Bellside Bridge woes will be tackled in major project to raise its deck
A bridge in Cleland which is constantly being struck by high-sided vehicles will be raised later this year to try and prevent further collision that spark road and rail chaos in turn.
Bellside Bridge will be the focus of an ambitious link-up between North Lanarkshire Council and Network Rail who intend to start replacing the bridge deck in October after conceding that the current width of that structure is far too problematic.
The railway crossing on the M73 has the dubious accolade of being the seventh most struck bridge in the United Kingdom.
And when accidents happen, both the road and the tracks above must close for inspection meaning that traffic must be diverted through the village in a well-documented headache for drivers.
However, it now looks as if the problem is being tackled head-on.
Nicole Paterson, NLC’s head of environmental assets said: “We have been working with Network Rail for some time to identify how to remove the height restriction at Bellside Bridge.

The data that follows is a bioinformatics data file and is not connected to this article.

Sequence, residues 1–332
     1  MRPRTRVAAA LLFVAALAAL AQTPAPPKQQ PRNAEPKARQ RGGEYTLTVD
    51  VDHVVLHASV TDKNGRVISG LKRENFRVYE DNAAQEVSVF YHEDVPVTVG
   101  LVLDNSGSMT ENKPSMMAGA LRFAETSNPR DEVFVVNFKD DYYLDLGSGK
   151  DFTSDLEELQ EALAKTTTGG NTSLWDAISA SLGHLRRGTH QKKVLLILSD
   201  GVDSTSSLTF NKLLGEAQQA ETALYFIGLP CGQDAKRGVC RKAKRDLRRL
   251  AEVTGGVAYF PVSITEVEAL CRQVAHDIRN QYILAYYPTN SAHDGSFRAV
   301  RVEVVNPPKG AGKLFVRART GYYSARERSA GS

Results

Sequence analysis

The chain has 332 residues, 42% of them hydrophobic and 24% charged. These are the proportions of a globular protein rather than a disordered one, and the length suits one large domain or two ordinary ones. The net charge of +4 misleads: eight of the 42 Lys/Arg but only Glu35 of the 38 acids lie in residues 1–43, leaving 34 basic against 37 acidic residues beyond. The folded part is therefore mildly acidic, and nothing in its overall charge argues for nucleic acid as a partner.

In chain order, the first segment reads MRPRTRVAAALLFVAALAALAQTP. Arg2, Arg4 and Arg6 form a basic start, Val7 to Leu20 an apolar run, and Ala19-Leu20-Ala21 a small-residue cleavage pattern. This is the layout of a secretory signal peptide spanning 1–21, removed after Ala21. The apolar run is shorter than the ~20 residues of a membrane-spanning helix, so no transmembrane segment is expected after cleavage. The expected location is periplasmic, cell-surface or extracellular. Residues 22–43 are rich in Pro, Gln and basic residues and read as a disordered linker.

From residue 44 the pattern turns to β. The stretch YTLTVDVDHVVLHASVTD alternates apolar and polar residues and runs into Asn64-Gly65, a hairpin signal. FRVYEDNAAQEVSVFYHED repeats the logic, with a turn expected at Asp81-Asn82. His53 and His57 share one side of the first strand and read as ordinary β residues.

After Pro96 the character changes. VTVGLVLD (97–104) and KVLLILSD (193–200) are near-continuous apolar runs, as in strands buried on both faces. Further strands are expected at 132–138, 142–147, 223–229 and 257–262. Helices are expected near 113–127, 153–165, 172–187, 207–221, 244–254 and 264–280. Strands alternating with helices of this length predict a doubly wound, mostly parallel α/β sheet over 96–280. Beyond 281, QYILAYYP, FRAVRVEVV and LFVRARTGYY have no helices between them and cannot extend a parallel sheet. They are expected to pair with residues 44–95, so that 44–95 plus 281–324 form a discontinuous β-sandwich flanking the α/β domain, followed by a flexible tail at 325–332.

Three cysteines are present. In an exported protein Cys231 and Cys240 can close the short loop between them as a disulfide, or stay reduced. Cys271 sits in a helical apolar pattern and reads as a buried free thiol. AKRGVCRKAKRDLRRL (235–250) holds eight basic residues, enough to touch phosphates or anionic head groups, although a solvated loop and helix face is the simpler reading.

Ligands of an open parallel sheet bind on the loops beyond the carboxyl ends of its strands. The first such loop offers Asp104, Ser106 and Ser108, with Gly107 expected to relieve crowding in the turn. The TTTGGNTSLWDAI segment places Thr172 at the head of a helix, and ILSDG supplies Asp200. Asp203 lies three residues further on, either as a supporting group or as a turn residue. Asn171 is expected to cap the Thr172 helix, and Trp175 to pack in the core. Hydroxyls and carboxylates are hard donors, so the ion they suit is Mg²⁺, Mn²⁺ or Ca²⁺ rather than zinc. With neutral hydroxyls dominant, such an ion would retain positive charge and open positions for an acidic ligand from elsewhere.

"So it is excellent news that a solution has been found.”
It then emerged that this involved that the current deck would be replaced with a thinner one which would enable more room to manoeuvre for the most cumbersome HGVS
Crucially this will remove Bellside’s classification as a low bridge and the need for the signed diversion through Cleland for high-sided vehicles.
Network Rail structures asset manager Stewart Lothian said: “This bridge has been struck 56 times in the last decade causing 3000 minutes of delays to trains.
"We are pleased to have been able to work with North Lanarkshire Council to find a long term solution.”
The authority and Network Rail will combine too to meet the cost of the project.
It has emerged that the the A73 will have to be shut down to enable these long-awaited works to take place.
Meanwhile another ambitious project has finally been completed in Cleland after the village school had its old extension removed and a new one was created.
Work had to be put back five months because of Covid-19 restrictions but the £530,00 project is now completely finished.
For more coverage of this story see Page 7.